The second largest US producer of lab grown diamonds files for bankruptcy

Under the encroachment of lab grown diamonds, natural diamonds are in the most sluggish stage in history. However, the cultured diamond market is also not optimistic. As producers continue to flood into the market, the involution is becoming increasingly fierce.

On Wednesday local time, WD Lab Grown Diamonds, the second largest man-made diamond producer in the United States, filed for bankruptcy and became the biggest casualty of the industry's infighting. The company has total liabilities of $44 million and total assets of $3 million.
The one who beat WD Lab Grown Diamonds is probably a fellow from China.

According to data compiled by "Financial Eleven", Henan is the world's largest lab-grown diamond production base. In the past few decades, Zhengzhou City, Xuchang City, Nanyang City, Shangqiu City and other places in Henan Province have formed a synthetic diamond industry cluster integrating R&D, production and sales. Around 2016, with the maturity of laboratory-grown diamond technology, the artificial diamond industry quickly entered this new field. In 2022, China will contribute half of the output of the global cultivated diamond industry chain, 80% of which will come from Henan.

Even diamond analysts said that WD was already a leader in the industry, and its collapse means that "it will be difficult for any company to compete with Chinese and Indian manufacturers."

Founded in 2008, WD was once a leader in shaking up the global diamond industry, with revenue reaching US$33 million last year. The company has developed a technology called chemical vapor deposition, which sprays evaporated materials onto the surface to create dazzling lab-grown diamonds that are exactly the same color as natural diamonds.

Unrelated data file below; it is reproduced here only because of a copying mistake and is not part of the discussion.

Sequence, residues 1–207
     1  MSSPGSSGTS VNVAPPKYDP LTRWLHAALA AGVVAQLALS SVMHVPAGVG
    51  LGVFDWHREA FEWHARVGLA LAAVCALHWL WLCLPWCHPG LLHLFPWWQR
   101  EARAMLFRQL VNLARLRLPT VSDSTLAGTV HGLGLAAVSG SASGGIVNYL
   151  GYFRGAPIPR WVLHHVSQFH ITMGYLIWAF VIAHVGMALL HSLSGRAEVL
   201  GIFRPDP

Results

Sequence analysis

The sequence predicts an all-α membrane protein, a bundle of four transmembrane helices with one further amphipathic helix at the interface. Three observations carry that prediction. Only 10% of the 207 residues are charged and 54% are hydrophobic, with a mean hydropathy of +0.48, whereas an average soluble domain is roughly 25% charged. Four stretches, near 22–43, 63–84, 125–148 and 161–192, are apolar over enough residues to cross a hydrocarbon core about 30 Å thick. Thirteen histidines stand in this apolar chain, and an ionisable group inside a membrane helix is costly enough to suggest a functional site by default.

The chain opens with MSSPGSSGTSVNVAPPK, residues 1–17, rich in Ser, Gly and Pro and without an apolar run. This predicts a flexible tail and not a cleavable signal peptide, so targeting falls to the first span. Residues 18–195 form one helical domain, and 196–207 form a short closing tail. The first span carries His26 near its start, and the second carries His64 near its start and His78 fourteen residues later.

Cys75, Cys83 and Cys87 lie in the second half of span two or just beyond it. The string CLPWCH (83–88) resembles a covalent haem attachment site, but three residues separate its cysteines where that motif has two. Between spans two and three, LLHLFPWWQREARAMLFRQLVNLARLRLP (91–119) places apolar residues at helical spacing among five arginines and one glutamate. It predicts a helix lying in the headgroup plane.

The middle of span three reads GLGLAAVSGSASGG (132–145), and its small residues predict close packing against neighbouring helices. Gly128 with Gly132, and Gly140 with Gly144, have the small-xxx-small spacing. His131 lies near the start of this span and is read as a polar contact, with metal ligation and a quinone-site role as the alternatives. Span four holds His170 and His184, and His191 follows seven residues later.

Lab grown diamonds are posing a huge threat to the natural diamond industry. The physical and chemical properties of the two are exactly the same. Measured by the 4C standards (color, clarity, cut, carat), cultured diamonds can fully meet the standards. You can’t tell the difference between natural diamonds and cultured diamonds with the naked eye. Generally, It's also difficult to detect the difference with instruments, but the latter is much cheaper. With inflation high, many young people in Europe and the United States are giving up on natural diamonds and turning to Lab Grown diamonds.

However, the price of lab-grown diamonds has plummeted in recent years due to overproduction. In the past seven years, the decline in Peiyuan diamond prices has expanded by three cups. In the U.S. market, the price per carat of cultured diamonds is currently only 15%-25% of that of natural diamonds.

Diamond Foundry, another large US laboratory-grown diamond producer, has begun to seek development avenues outside the jewelry industry. Company CEO Martin Roscheisen told the media in August this year that as production costs continue to decrease, Diamond Foundry plans to provide diamond-based chips for the semiconductor industry.

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